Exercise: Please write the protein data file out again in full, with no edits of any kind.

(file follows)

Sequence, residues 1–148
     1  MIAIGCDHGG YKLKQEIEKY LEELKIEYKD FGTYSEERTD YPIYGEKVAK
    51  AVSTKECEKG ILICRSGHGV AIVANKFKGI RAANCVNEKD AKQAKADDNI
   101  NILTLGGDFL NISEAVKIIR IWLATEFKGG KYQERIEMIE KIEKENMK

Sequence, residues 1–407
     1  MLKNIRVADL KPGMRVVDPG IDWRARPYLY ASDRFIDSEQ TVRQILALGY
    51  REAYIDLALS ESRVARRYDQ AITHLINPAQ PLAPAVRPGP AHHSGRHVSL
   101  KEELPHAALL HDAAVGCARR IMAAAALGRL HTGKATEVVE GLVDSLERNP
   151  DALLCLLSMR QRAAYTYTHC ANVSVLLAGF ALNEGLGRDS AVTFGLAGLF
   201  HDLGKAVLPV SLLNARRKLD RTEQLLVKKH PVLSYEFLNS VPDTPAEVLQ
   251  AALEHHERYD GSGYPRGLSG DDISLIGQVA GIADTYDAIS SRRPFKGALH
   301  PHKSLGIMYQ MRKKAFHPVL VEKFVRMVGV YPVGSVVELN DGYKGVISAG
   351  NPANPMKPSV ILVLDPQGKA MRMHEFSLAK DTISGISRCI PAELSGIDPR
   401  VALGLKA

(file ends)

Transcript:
Sequence, residues 1–148
     1  MIAIGCDHGG YKLKQEIEKY LEELKIEYKD FGTYSEERTD YPIYGEKVAK
    51  AVSTKECEKG ILICRSGHGV AIVANKFKGI RAANCVNEKD AKQAKADDNI
   101  NILTLGGDFL NISEAVKIIR IWLATEFKGG KYQERIEMIE KIEKENMK

Sequence, residues 1–407
     1  MLKNIRVADL KPGMRVVDPG IDWRARPYLY ASDRFIDSEQ TVRQILALGY
    51  REAYIDLALS ESRVARRYDQ AITHLINPAQ PLAPAVRPGP AHHSGRHVSL
   101  KEELPHAALL HDAAVGCARR IMAAAALGRL HTGKATEVVE GLVDSLERNP
   151  DALLCLLSMR QRAAYTYTHC ANVSVLLAGF ALNEGLGRDS AVTFGLAGLF
   201  HDLGKAVLPV SLLNARRKLD RTEQLLVKKH PVLSYEFLNS VPDTPAEVLQ
   251  AALEHHERYD GSGYPRGLSG DDISLIGQVA GIADTYDAIS SRRPFKGALH
   301  PHKSLGIMYQ MRKKAFHPVL VEKFVRMVGV YPVGSVVELN DGYKGVISAG
   351  NPANPMKPSV ILVLDPQGKA MRMHEFSLAK DTISGISRCI PAELSGIDPR
   401  VALGLKA